The US is losing a cyberwar with China
A review of the best commentary on and around the world...
"It's about time Washington got tough with Beijing," writes Brett M Decker in USA Today. He says the Chinese government has made stealing secrets from US companies "a central component" of its economic development for decades.
The six US companies that the Justice Department identified as being targeted - including Alcoa, US Steel and Westinghouse - are just the "tip of the iceberg", he writes. Google, General Electric, Microsoft, DuPont, Nasdaq, Johnson & Johnson, AT&T and Northrop Grumman have also been in China's sights for years.
China views economic competition as "merely one more battlefront in a global war for supremacy", he argues, which is why all the individuals named in the Justice Department indictment are Chinese military officers.
In addition, he says, China employs its hackers as weapons to damage companies that it dislikes, such as the New York Times.
Is this the start of a new Cold War? "Only time will tell," he writes. "In the meantime, the war over cybersecurity is rapidly heating up."
(For a look at China's response to these accusations, see BBC Monitoring's quotes of the day, below.)
Berlusconi unchained - BBC Newsnight's Jeremy Paxman had a wide-ranging discussion with former Italian Prime Minister Silvio Berlusconi on Tuesday. Among the topics they covered were the European Union, Berlusconi's relationship with German Chancellor Angela Merkel, his conviction on fraud charges and the future of Italian politics.
"I have never had any problems with Angela Merkel," he said. "In 20 years of politics, I have never insulted anyone."
"I was not an easy person to deal with," he added, "and I was quite tough."
When asked what he thinks is wrong with Italian politics, he replied: "Everything." He said he wants to be remembered by history as the father of his country "and leave as my legacy a conservative centre-right government to prevent Italy from a potential dictator".
A Finland solution - It looks increasingly likely that Ukraine will be able to hold "free and fair" elections on 25 May, writes the Washington Post's David Ignatius, and the result will be a government that maintains its independence from both Russian and western influence.
Such a scenario has a Cold War precedent, he says, known as "Finlandisation". Finland, he notes, avoided siding with either the US or the Soviet Union and was able to serve as an honest go-between for the two superpowers.
"Ukraine's problems are internal; it needs ideological coherence more than territorial defence," Ignatius writes. "It needs the breathing space that nonalignment can provide."
If neutrality is the eventual outcome, he concludes, President Obama will have successfully defused what could have been a dangerous global crisis.
Biden visit an important milestone - On Wednesday US Vice-President Joe Biden became the highest-ranking US official to visit Cyprus since 1962. This has boosted hopes that increased US involvement will help reunification talks, writes Serkan Demirtas in the Hurriyet Daily News.
The US has been quietly working on a blueprint for ongoing negotiations, he says. Now it appears to be raising the visibility of its efforts.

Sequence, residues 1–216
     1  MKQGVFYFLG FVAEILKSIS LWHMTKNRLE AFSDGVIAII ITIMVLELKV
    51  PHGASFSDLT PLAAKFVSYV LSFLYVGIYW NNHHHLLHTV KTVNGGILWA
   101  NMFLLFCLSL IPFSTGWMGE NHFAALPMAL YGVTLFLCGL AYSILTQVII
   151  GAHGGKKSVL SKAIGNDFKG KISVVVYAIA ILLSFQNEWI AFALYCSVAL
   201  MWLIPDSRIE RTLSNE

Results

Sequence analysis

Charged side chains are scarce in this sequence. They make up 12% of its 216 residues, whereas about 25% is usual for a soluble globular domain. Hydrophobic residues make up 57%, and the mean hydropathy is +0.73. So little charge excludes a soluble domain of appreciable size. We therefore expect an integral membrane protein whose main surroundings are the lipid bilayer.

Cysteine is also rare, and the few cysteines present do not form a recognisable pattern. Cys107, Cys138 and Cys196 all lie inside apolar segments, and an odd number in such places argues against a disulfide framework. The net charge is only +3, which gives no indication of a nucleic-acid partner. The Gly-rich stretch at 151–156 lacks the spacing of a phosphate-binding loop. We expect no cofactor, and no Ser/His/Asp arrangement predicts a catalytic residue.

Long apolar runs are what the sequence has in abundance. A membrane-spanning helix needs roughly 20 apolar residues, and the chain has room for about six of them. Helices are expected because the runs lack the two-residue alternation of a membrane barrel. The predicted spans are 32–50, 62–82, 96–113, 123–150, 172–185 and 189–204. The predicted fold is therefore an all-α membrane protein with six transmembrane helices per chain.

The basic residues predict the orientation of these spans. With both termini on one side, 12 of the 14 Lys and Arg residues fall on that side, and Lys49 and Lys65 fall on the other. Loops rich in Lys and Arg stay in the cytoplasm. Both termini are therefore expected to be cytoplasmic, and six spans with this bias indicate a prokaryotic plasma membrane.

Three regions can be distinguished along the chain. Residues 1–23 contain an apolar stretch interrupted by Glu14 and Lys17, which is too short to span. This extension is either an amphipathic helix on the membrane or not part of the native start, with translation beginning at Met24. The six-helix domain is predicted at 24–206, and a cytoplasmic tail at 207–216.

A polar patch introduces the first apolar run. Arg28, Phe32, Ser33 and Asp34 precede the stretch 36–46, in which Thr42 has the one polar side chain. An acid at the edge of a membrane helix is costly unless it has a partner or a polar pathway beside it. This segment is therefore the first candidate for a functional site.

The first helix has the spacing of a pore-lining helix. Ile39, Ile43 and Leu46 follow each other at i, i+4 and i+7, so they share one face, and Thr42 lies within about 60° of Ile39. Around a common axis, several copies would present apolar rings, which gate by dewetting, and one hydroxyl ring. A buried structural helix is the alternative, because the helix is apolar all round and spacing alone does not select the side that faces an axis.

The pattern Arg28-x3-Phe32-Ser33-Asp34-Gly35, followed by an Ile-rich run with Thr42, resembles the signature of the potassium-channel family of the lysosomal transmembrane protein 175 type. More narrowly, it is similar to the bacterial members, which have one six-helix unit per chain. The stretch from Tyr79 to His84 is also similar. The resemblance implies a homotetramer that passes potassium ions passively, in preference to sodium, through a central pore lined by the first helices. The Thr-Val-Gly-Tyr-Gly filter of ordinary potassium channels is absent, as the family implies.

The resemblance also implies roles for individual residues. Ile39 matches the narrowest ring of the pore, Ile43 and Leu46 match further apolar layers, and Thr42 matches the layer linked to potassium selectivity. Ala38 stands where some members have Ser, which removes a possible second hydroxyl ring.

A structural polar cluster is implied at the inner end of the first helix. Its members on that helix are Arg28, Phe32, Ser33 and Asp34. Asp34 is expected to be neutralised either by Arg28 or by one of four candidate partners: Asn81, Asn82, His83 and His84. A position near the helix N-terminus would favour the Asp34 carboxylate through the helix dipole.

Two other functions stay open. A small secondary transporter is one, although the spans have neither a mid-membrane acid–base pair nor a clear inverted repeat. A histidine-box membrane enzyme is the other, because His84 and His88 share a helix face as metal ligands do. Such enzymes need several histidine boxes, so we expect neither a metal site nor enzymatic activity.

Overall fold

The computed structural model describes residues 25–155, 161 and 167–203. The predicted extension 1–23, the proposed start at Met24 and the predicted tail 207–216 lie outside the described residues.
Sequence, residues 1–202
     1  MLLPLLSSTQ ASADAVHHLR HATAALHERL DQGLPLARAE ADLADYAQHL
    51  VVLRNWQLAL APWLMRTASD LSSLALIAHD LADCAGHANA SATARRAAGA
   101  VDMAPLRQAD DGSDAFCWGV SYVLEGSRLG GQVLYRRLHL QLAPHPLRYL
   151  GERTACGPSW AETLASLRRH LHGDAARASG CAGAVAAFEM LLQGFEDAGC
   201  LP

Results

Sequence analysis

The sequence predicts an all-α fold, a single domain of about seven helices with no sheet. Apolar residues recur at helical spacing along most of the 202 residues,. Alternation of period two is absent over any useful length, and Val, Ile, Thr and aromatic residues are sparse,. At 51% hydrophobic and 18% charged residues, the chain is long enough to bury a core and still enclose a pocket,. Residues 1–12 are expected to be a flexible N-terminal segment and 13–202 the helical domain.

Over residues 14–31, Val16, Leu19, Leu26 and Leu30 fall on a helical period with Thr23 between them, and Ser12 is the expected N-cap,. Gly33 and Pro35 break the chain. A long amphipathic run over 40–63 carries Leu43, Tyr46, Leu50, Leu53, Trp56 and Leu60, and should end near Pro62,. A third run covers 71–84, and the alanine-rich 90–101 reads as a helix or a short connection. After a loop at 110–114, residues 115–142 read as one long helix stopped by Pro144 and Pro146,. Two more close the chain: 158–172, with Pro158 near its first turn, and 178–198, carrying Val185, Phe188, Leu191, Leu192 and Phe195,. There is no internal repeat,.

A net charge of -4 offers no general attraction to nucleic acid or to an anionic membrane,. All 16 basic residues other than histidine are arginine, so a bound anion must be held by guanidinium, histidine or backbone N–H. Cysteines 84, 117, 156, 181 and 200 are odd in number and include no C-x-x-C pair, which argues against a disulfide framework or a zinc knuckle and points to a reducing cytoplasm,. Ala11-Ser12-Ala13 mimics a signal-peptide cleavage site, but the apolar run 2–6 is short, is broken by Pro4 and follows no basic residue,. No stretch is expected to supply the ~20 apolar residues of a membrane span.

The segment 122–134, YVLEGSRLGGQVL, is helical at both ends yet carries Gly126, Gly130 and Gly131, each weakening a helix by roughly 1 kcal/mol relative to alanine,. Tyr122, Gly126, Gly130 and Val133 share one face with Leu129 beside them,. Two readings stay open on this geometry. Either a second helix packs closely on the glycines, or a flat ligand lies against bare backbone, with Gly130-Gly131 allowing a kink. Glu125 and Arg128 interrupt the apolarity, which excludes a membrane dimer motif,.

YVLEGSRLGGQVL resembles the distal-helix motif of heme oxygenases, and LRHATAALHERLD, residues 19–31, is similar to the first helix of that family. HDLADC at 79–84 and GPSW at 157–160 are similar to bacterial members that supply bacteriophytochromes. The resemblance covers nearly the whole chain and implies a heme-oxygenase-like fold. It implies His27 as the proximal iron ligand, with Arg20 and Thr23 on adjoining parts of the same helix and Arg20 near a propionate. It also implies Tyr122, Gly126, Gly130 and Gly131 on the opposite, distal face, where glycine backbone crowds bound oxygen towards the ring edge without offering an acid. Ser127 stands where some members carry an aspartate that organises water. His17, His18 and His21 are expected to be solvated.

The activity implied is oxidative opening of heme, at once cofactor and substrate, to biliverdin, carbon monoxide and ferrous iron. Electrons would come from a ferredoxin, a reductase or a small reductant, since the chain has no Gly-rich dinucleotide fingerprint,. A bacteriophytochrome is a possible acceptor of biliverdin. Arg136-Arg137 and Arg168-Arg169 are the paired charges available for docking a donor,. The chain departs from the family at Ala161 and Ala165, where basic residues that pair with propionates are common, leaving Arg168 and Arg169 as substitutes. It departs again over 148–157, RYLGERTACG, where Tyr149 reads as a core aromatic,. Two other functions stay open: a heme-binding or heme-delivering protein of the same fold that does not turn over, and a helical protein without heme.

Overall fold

"In a situation where Turkey does not trust the European Union very much as an honest broker, Washington could fill the vacuum," he writes.
The birth of a nation - Scotland has the "rare opportunity" to democratically determine its future, argues Kevin Pringle, strategic communications director of the Scottish National Party.
Ever since the referendum of 1997, which created a Scottish Parliament and gave it limited tax powers, he writes in the Scotsman, Scotland has demonstrated that it is capable of standing on its own.
"Scotland is by any standards an extremely wealthy country, located in a privileged part of the planet," he writes. "We are no less capable than any other country of deciding policy on the economy, welfare, pensions, defence and Europe, in addition to our existing devolved responsibilities."
If Scotland can't pull off independence, he writes, then very few countries can. Independence will give Scotland the opportunity to take its place in Europe and on the world stage, he concludes.
BBC Monitoring's quotes of the day
The press in China has reacted angrily to Washington's decision to charge five Chinese military officers with economic cyber-espionage.
"This provocation by the US is extremely vile. China must not tolerate it or just voice several protests from the Foreign Ministry or the Defence Ministry. The Foreign Ministry should suspend the China-US cybersecurity working group, but we should also take further action." - Editorial in Huanqiu Shibao (Global Times).
"When the US was engaging Russia in a game of strategy over Crimea, the US selectively targeted [Russian President Vladimir] Putin's relatives and friends and imposed sanctions on them. Russia reacted quickly and announced a list of sanctions on US politicians… [Chinese President] Xi Jinping has said he is very similar to Mr Putin, but why has he cast aside Mr Putin's ways and methods?" - Editorial in Hong Kong's Oriental Daily.
"Washington's pressing of the groundless cyberspying charges is also a typical case of a thief crying thief… The sole superpower in the world is easily the biggest eavesdropper on the planet, with Washington sitting at the core of a global network of organised website-hacking and telephone tapping... In the face of Washington's hypocritical indictment of late, China needs to respond. Suspending the operations of a bilateral group on cyber-affairs is a reasonable start, but more countermeasures should be prepared in case Washington obstinately sticks to the wrong track." - Zhu Dongyang in Xinhua news agency.
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